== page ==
I am on my annual birthday week expedition in search of wild trout. Sadly, most of my pet streams near Salida and Gunnison are blown out, and the 4WD trails I navigate into some of my favorite backcountry creeks are washed out from the several weeks of monsoon rains. So I am heading south towards Del Norte in southern Colorado where the streams appear to be in better shape according to the Colorado Division of Water Resources water talk website. I’ve reserved a campsite right on the Rio Grande River just outside of Del Norte and will be in the lap of luxury with full hookups for my mobile fish camp.
I’ve done some research before embarking and have my eye on little Pass Creek, just off busy US Highway 160 near Wolf Creek Pass. According to Williams and McPhail in their excellent guidebook, 49 Trout Streams of Southern Colorado,
Pass Creek is a little gem with some big fish, overlooked by anglers whizzing by to more famous waters like the Rio Grande and the Piedra. And with the weatherman predicting an 80% chance of rain every afternoon this week, another draw is that it’s easy to reach on a good gravel US Forest Service road.
I spend the waning hours of the day getting my gear ready, wondering if I can catch (and release) as many fish as my years on earth–something I’ve managed to do the past few birthdays but a feat that is becoming increasingly challenging as Father Time marches on.
Nicolas Creede hit the silver motherlode in 1870 high in the San Juan Mountains of southern Colorado. He sold out the aptly named Holy Moses Mine for millions and headed to California, leaving behind a boom town named for him. Now the mines are gone, and Creede is a fishing, tourist, and second-home mecca.
In the 1960s I caught my first trout on a fly up here on the Rio Grande Del Norte—the Great River of the North to Spanish settlers. It was on the one and only out-of-state vacation and break from our Kansas farm our family took as I grew up. Plowing was done, and I somehow persuaded my Dad to rent a little camper and make the 500-mile drive to what an article in Outdoor Life claimed was the least populated county in the lower 48, chocked full of hungry trout. Six of us slept in that little camper for a week! I had taught myself how to fly cast from a Sports Afield book borrowed from the local library. I practiced up in local farm ponds casting cork poppers to hungry bluegill and bass. I hadn’t been back since 1976 when I took a horsepack trip into the Weminuche Wilderness Area. With the promise of a week of Indian Summer fall weather, I figured it was time to revisit. Anyway, I needed to shed the five pounds I had gained at my 50th high school class reunion.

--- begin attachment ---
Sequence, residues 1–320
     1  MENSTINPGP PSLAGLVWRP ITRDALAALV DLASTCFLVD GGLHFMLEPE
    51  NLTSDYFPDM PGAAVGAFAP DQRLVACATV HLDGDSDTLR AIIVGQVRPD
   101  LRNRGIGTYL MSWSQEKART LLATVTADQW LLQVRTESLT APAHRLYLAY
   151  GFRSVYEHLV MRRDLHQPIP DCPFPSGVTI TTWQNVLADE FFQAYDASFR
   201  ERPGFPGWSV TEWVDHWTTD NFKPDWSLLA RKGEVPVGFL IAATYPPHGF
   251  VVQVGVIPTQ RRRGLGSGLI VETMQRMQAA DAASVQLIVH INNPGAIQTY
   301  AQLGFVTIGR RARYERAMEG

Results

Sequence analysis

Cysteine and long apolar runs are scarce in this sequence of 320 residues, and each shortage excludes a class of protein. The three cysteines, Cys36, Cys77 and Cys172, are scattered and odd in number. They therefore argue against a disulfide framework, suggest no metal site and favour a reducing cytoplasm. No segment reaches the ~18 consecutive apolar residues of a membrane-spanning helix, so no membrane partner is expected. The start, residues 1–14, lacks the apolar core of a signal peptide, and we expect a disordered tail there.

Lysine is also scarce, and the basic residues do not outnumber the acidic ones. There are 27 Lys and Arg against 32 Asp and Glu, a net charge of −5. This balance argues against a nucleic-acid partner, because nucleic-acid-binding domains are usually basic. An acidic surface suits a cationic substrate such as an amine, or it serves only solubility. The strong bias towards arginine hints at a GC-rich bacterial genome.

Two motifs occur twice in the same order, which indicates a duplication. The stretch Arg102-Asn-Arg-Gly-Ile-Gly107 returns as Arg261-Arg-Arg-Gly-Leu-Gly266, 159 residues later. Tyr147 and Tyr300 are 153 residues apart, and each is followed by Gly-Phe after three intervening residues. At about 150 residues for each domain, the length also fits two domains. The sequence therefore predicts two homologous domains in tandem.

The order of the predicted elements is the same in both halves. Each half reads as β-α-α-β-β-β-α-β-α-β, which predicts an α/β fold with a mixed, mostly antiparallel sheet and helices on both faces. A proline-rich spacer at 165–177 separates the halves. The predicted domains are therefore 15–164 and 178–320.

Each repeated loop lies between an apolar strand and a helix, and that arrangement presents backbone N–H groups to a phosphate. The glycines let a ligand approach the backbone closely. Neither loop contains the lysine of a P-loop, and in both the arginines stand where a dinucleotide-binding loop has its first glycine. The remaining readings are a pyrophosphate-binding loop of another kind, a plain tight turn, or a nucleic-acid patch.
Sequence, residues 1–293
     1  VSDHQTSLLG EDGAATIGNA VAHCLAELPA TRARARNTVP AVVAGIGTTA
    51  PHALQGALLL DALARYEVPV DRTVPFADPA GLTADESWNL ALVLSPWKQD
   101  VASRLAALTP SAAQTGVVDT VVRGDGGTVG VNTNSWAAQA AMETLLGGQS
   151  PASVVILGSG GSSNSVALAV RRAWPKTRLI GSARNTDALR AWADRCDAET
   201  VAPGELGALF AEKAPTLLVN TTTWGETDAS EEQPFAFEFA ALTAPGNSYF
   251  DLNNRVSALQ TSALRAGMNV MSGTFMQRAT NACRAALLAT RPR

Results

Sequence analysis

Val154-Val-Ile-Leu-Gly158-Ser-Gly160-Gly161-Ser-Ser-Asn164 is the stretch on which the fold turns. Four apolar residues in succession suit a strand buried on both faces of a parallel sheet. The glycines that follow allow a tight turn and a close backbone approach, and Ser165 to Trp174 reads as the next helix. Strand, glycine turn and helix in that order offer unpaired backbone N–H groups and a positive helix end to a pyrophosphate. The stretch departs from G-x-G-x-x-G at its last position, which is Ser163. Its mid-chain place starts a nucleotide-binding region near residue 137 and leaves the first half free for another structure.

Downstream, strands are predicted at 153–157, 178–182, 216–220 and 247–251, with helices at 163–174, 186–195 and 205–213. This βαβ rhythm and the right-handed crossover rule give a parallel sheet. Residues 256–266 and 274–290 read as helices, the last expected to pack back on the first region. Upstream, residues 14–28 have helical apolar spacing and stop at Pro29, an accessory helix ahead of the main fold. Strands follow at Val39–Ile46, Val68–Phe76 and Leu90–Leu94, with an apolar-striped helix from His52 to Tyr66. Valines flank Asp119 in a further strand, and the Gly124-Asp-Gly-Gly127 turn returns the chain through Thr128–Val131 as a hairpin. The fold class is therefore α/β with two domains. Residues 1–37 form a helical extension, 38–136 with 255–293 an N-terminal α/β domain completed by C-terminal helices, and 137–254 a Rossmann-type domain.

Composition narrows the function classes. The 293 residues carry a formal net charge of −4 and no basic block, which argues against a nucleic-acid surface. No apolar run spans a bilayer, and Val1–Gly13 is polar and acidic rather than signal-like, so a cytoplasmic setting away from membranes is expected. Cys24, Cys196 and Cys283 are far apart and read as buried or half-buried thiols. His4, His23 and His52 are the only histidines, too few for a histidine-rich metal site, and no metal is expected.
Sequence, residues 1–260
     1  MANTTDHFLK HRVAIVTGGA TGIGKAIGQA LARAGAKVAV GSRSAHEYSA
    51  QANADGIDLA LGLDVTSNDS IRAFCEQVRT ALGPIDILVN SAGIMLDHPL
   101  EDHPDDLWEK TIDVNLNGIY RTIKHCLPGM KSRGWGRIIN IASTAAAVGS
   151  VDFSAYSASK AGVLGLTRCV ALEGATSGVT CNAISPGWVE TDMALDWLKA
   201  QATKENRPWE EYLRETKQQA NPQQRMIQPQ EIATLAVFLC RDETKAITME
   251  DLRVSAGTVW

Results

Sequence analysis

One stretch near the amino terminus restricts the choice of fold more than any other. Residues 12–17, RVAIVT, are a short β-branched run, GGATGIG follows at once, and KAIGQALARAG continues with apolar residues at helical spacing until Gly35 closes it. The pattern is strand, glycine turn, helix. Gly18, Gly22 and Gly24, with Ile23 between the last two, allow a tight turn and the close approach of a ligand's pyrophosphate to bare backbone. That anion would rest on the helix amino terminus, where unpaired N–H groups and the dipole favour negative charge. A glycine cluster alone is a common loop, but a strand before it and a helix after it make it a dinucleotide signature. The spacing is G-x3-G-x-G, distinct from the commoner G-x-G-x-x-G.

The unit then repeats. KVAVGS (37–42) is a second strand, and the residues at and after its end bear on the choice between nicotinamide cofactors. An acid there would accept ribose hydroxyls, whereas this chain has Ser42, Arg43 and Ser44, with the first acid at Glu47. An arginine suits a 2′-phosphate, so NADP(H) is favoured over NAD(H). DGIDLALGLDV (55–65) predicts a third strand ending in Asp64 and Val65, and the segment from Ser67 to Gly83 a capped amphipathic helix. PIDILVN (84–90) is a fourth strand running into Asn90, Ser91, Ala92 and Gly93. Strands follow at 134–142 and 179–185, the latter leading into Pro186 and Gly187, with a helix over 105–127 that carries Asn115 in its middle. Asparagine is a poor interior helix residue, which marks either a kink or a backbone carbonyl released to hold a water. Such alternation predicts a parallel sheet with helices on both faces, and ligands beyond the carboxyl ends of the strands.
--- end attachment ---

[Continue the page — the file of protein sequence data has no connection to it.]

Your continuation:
I stop in Creede, now a bustling little mountain town with a year-round population of only about 500, but replete with a decent grocery store, an acclaimed summer repertory theatre, and two fly shops. The venerable Ramble House was the main place to get fishing and camping gear in the 1960s, and it still is today, run by the same extended family. I duck in and get the local skinny on patterns and places from a fly fishing maven Stacia, a young woman who obviously has lots of
on-the-water experience. Her advice will turn out to be right.
Now it’s mid-afternoon and I am hustling off to set up my mobile fish camp at the Antlers Lodge and Campground, just a few miles outside Creede. It not only has spots for travel trailers but also a nice one-mile stretch of private water on the Rio Grande plus a gourmet restaurant. Who said fly fishing the backcountry has to always be a hardship!!
I sample the water, catch some nice brown trout that dominate on the lower section of the river, then start packing up for my expedition to the headwaters of the Rio Grande, a long drive from here up to near the Continental Divide. With visions of trout dancing in my head, I set the alarm at 5:00 a.m. so I can be on the water by 9 a.m.–then nod off.